Purchase this article with an account.
R.J. Suverkrup, O.A. Krasichkova, M. Diestelhorst, S. Maier; Production of Ophthalmic Lyophilisate Carriers by Fast Precision Freeze Drying (FPFD) . Invest. Ophthalmol. Vis. Sci. 2004;45(13):5047.
Download citation file:
© ARVO (1962-2015); The Authors (2016-present)
Purpose:The ocular bioavailability of some drugs, e.g. Fluorescein, can be increased significantly by adminstration in an ophthalmic lyophilisate carrier (1,2), but the adhesion between the lyophilisate and the carrier is variable if it is freeze–dried in a conventinal batch process. Neither the freezing nor the drying process be controlled with the degree of precision required for this drug delivery system when temperature profiles in the drying chamber depend upon the location of samples on shelves. Methods: A new lyophilization technique where only one unit is frozen and dried in a small chamber at any time under closely controlled conditions (3,4) solves this problem. Lyophilization is converted to a quasi–continuous operation by simultaneous, time–staggered operation of several drying chambers and the cycle time for each drop is reduced to less than 20 min ( about 1/50 of the batch process) by reducing the residual gas pressure to less than 10–2 mbar, minimizing the distance between the condenser surface and the samples and supplying the heat of sublimation directly to the frozen drops by radiation. Results: The surface temperature of the lyophilisates measured by their infrared emission is used for feedback–control of freezing and drying. The adhesion between the lyophilisates and the carrier membranes depends upon the freezing rate, which is controlled by the rate of evacuation. Condenser surfaces with accumulated ice can be replaced periodically and de–iced offline so that the length of production runs is not limited by technical constraints. Conclusions:The development of the fast precision freeze drying technique is a prerequisite for the reproducible manufacturing of ophthalmic lyophilisate carriers on an industrial scale. Since the volume of production is controlled by the addition or removal of more chambers of the same dimensions to or from an automated loading system and by the length of production runs, there is no need for a process scale–up. A modification of the FPFD process is particularly suited for sensitive proteins and other biotechnology products in containers. References: 1. Lux A et al. Br.J.Ophthalmol.. 87(3) 436 (2003) 2. Süverkrüp R et al. US patent 6,228,381 (8 May 2001) 3. Süverkrüp R et al. Patent application PCT EP/ 10359 (18 September 2003). 4. Maier S: Doctoral dissertation, Bonn 2003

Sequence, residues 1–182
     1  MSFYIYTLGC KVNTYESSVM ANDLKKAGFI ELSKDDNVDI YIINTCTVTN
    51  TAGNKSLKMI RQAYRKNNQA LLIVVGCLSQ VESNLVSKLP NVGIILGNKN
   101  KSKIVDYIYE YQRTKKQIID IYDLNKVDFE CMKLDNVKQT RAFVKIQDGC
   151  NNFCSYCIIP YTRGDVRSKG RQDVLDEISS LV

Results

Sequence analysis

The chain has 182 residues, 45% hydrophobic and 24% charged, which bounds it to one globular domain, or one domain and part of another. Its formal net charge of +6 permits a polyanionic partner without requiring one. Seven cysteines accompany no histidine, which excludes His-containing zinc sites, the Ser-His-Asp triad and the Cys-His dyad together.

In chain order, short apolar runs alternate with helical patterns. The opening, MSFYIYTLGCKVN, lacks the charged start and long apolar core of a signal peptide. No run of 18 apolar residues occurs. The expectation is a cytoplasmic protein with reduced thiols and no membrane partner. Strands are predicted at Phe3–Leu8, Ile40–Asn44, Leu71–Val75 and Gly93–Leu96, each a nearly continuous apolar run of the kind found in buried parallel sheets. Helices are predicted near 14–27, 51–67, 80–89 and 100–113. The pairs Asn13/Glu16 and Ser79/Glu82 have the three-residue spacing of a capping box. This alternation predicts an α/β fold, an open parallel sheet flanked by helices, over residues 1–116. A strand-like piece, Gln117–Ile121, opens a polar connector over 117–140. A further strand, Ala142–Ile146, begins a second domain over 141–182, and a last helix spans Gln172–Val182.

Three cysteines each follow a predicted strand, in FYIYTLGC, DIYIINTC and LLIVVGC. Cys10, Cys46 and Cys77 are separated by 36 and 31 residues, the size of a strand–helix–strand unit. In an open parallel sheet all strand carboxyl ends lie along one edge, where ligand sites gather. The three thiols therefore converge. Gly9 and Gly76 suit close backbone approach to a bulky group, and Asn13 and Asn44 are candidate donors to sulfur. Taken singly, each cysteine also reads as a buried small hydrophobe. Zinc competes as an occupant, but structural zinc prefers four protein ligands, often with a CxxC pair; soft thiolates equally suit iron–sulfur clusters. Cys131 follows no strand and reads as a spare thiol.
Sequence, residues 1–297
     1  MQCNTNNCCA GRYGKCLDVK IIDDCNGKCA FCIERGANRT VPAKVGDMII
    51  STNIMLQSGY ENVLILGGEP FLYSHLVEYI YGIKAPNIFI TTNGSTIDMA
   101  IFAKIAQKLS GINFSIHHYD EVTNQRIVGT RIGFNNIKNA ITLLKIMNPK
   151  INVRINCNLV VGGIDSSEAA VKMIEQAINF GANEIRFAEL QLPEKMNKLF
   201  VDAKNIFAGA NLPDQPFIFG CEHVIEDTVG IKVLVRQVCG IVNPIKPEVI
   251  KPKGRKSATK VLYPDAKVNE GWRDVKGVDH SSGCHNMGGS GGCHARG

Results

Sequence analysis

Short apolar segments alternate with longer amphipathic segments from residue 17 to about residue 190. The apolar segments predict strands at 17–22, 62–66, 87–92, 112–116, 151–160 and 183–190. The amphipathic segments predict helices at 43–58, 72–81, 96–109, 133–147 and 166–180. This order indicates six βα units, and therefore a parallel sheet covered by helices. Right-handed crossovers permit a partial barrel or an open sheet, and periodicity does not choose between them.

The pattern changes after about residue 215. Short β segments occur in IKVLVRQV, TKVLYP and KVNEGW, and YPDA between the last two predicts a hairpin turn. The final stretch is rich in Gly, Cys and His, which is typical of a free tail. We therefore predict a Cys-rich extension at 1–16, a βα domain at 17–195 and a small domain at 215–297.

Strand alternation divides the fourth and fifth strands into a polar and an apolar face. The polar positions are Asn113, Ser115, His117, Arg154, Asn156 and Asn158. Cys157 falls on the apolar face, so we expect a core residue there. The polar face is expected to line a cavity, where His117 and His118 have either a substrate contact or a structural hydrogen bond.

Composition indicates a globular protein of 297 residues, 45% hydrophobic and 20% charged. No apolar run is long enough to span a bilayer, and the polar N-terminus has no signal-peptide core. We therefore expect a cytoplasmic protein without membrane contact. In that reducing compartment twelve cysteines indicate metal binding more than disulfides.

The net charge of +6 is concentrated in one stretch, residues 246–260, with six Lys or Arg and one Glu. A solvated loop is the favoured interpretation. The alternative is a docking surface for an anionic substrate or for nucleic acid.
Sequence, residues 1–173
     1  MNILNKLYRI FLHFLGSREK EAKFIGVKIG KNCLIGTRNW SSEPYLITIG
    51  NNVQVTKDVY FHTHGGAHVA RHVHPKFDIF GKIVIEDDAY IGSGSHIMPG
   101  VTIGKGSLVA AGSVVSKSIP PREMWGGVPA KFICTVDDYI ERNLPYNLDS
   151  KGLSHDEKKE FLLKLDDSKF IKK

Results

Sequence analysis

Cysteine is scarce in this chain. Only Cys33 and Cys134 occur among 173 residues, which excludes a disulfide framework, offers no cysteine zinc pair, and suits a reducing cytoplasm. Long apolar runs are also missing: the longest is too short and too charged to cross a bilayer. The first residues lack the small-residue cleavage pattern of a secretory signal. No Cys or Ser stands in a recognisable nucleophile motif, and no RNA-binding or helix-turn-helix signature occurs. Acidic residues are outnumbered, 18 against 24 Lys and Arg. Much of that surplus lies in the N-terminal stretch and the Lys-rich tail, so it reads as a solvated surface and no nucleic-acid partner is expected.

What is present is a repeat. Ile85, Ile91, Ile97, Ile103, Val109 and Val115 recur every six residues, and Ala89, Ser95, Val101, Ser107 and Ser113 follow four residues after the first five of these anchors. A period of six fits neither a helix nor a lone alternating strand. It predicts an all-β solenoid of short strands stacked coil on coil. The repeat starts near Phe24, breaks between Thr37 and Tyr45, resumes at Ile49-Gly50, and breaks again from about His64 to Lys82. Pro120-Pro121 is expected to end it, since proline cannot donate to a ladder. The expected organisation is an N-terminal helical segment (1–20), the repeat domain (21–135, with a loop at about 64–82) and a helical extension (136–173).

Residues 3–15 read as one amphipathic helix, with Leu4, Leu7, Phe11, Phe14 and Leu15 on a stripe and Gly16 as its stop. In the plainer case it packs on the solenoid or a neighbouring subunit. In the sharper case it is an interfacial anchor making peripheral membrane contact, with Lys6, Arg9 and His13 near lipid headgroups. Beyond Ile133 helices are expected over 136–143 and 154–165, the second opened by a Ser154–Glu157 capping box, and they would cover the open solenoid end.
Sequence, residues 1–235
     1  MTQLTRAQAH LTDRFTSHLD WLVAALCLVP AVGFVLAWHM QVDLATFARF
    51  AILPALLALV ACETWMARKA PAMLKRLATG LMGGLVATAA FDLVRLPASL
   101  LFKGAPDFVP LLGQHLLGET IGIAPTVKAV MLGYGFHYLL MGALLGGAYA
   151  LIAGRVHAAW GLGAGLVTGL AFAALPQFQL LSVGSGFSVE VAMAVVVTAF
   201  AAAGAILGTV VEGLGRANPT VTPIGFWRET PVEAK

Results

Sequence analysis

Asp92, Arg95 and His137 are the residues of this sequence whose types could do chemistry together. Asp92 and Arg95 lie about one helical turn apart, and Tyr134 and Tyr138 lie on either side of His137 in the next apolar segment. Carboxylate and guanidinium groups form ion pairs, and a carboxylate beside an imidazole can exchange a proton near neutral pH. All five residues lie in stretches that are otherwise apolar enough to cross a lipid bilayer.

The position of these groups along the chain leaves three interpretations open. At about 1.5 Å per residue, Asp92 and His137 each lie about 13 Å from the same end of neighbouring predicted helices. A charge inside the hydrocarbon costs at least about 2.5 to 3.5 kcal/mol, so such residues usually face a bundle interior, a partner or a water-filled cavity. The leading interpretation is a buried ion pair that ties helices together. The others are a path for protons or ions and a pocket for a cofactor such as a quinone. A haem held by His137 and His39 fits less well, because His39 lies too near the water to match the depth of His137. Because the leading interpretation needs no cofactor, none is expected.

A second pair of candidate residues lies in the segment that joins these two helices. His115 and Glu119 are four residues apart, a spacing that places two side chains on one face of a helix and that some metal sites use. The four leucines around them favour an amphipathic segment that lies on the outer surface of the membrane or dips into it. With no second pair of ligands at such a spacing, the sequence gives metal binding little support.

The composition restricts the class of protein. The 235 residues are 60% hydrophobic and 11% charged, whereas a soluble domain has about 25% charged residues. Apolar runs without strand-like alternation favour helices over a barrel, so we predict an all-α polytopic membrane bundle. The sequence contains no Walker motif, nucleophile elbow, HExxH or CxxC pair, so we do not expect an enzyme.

This PDF is available to Subscribers Only